Some scientists have linked the melting of Arctic ice to the weakening of the polar vortex, enabling colder air to come south toward the continental United States and, in particular, the Eastern Seaboard.

The impacts from climate change are “going to get larger and more significant,” Reed said. “We have an opportunity to mitigate that. If we reduce our emissions the world will warm by half a degree to a degree. That still is offsetting potentially disastrous impacts of going beyond that.”

Recognizing the impact of climate change is a necessary step in reducing the likelihood of future extreme and variable weather events.

The kind of changes necessary for a sustainable future “takes leadership at the national and international level,” Reed said.

Many North Shore residents spent their Thursday cleaning up after remnants of Tropical Depression Ida pummeled the Island Wednesday night. In addition to the storm, the National Weather Service issued a tornado warning for the North Shore of Suffolk County.

According to PSEG Long Island, the hardest-hit areas on the Island include Northport, Ridge, Lloyd Harbor and Huntington.

Huntington

In the Town of Huntington, flooding outside of the Huntington Sewage Treatment Plant on Creek Road left several motorists stranded, according to a press release from the town. STP staff accessed the facility via payloader late in the evening on Sept.1. During the peak of high tide, STP staff were unable to access the plant from the main entrance on Creek Road or from the rear entrance near the Mill Dam gates.

 “We actually had to take a payloader out to the Creek Road entrance to bring one of our employees into the plant last night,” said John Clark, the town’s director of Environmental Waste Management. “Several cars, including a police vehicle, were stuck on Creek Road and New York Avenue — at least one driver (a police officer) had to be removed via boat by the Huntington Fire Department.”  

Steve Jappell, a wastewater treatment plant operator at the STP facility, operated the payloader and assisted fellow employee Joe Lombardo and the police officer, who was ultimately transported from the scene by the Huntington Fire Department in a rescue boat. 

“Thank you to the Huntington Fire Department, as well as Centerport, Halesite and Northport fire departments, who also arrived to assist other stranded motorists on Creek Road, and to our quick-thinking staff at the plant,” said town Supervisor Chad Lupinacci (R).

According to the press release, the area received its largest rain event in nearly 20 years between 7 p.m. and 1:30 a.m. The town reported that 6.29 inches fell during the 6 ½ hours.

While the STP usually processes around 1.8 million gallons per day, between 6 a.m. Sept. 1 and 6 a.m. Sept. 2 it processed more than 3.8 million gallons. According to the town, the plane “will continue to experience above average flow rates over the next two days as groundwater intrusion and sump pump activity contribute to the increased volumes.”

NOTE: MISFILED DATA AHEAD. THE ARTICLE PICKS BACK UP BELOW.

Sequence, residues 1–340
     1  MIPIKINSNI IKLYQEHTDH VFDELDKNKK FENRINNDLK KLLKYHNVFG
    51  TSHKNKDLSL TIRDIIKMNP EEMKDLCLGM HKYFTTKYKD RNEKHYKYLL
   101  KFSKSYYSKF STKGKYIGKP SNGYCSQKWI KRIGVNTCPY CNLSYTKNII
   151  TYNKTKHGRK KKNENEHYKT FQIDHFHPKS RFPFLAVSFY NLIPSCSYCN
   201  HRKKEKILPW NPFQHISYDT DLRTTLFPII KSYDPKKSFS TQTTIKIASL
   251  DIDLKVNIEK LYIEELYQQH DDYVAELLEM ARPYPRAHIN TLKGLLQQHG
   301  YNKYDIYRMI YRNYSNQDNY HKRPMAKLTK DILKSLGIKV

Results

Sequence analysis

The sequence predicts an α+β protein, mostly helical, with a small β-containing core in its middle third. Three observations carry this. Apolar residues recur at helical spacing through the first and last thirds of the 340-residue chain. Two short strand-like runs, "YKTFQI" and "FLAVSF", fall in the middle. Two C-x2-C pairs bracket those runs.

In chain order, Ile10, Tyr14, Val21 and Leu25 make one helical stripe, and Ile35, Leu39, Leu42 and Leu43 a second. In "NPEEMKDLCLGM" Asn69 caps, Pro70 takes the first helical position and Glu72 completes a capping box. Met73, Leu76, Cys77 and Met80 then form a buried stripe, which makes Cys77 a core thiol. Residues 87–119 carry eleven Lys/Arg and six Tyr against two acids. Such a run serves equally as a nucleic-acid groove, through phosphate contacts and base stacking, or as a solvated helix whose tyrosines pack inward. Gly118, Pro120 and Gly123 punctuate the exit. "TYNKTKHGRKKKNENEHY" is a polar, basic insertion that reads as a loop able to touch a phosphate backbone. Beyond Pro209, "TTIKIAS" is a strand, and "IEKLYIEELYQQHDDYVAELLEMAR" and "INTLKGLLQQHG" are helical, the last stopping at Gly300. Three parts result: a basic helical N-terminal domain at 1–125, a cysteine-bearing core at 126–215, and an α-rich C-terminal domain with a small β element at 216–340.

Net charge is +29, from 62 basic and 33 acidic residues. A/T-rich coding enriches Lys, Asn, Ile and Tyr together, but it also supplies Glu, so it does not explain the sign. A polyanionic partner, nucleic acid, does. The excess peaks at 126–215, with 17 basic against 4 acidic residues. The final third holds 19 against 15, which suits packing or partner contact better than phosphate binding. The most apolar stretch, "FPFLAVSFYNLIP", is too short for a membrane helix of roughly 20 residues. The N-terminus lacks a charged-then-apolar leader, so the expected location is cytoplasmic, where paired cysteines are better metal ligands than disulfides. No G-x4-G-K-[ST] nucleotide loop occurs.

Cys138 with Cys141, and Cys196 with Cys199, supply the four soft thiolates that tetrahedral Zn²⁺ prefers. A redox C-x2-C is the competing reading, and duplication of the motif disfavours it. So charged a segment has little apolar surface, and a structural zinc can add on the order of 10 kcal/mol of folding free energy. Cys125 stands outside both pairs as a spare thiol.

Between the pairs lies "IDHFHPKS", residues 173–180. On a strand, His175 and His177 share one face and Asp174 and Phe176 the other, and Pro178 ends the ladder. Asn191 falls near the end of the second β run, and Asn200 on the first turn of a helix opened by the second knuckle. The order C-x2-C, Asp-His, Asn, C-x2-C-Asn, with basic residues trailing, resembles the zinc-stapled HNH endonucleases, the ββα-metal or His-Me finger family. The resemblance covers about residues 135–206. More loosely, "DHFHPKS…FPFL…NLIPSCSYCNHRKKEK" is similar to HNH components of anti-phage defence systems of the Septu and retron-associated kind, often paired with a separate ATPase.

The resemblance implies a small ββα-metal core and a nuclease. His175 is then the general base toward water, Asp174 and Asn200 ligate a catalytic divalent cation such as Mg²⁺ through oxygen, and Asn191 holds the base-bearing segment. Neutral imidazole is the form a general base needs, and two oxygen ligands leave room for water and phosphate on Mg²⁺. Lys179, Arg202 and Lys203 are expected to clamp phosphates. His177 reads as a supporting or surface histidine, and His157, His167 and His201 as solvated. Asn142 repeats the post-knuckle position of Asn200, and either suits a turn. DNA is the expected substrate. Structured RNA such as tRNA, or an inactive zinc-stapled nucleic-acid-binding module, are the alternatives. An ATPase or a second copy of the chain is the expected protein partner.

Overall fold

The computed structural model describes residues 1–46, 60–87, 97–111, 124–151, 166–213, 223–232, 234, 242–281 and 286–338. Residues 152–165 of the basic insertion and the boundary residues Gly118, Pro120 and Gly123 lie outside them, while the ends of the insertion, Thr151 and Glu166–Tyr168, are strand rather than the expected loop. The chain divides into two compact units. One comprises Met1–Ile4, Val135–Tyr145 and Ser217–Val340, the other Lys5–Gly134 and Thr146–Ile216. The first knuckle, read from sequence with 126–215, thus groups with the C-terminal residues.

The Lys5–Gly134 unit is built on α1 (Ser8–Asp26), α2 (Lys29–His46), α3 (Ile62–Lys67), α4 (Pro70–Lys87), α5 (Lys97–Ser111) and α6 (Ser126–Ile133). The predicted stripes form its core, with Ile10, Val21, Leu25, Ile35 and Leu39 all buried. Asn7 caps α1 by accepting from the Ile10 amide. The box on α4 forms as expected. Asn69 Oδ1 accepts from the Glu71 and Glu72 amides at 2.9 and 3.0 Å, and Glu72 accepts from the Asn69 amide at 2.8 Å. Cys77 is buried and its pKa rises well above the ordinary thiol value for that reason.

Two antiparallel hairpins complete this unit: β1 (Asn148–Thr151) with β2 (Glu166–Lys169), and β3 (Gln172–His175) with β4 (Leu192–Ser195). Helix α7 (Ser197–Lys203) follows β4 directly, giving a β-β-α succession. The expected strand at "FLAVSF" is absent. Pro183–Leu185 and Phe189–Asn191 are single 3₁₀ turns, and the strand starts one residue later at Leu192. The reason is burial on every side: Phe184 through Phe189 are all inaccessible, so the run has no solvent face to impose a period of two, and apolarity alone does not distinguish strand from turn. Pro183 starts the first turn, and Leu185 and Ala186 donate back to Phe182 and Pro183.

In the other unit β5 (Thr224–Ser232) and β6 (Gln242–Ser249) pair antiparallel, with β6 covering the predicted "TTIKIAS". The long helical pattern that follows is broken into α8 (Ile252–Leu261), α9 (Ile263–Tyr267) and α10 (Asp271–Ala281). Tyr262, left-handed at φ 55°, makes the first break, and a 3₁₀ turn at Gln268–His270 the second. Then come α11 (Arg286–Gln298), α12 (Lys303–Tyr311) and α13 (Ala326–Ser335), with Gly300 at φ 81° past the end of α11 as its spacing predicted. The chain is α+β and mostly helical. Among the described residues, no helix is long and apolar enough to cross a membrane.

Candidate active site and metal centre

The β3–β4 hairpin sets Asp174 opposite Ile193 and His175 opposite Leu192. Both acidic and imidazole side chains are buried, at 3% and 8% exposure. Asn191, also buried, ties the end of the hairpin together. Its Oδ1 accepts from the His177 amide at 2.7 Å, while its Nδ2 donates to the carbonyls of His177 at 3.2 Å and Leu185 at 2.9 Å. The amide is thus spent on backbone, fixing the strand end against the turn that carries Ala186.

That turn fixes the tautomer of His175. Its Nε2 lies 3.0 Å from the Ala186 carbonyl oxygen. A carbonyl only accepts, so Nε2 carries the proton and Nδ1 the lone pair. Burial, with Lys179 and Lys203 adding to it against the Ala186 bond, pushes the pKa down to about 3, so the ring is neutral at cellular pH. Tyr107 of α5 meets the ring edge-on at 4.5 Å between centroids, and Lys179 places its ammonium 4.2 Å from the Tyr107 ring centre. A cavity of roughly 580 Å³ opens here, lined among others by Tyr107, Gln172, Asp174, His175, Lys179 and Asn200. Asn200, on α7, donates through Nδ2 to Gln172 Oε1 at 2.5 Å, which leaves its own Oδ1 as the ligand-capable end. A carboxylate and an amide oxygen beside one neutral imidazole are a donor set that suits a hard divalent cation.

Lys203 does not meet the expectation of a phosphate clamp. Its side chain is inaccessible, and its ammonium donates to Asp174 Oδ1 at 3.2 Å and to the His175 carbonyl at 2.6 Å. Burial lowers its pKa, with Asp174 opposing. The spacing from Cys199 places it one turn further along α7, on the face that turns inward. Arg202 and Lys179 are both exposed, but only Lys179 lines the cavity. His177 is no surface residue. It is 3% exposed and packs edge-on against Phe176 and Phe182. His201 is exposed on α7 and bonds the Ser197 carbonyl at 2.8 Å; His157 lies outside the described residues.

Town officials also said there were 26 reports of flooding mostly in Huntington; 29 reports of downed trees and branches; 16 reports of large pieces, sections and layers of asphalt ripped away, five manhole covers washed aside and one possible sinkhole was reported in Northport as asphalt washed away on Oleander Drive.

As for town facilities both golf courses had some flooding and were closed Sept. 2, and Town Hall had about ½ inch of flooding in the basement.

Smithtown

According to Smithtown Public Information Officer Nicole Gargiulo, there was flooding in the Smithtown Town Hall basement; however, there was no other damage to equipment or facilities in the town.

During the peak of the storm, the town received calls about flooded roads, but the streets were cleared as of the morning of Sept. 2. 

Callahan’s Beach sustained damage, according to Gargiulo. The beach had already been closed due to damage after a storm in the early morning hours of Aug. 27. 

Stony Brook University

Students in the Mendelsohn Community of Stony Brook University, which is located on the North end of campus off of Stadium Drive, were the SBU students most affected by the storm. According to communications sent out by the university, while other areas of the campus experienced flooding conditions, Mendelsohn was the most affected and students needed to be relocated.

Also affected by the storm was the Student Brook Union, and the building is closed for damage assessment and cleanup. The university held a ribbon cutting ceremony for the newly renovated student union building last week. Employees who work in the building were asked to work remotely Sept. 2.

In an email from Rick Gatteau, vice president for Students Affairs, and Catherine-Mary Rivera, assistant vice president for Campus Residences, “the Mendelsohn buildings have no power due to 4-6 feet of water in the basement, resulting in a power failure to the building.  At this time, it is unsafe to be in the building while our teams pump out the water, assess the damage, and determine the timeline for repairs.”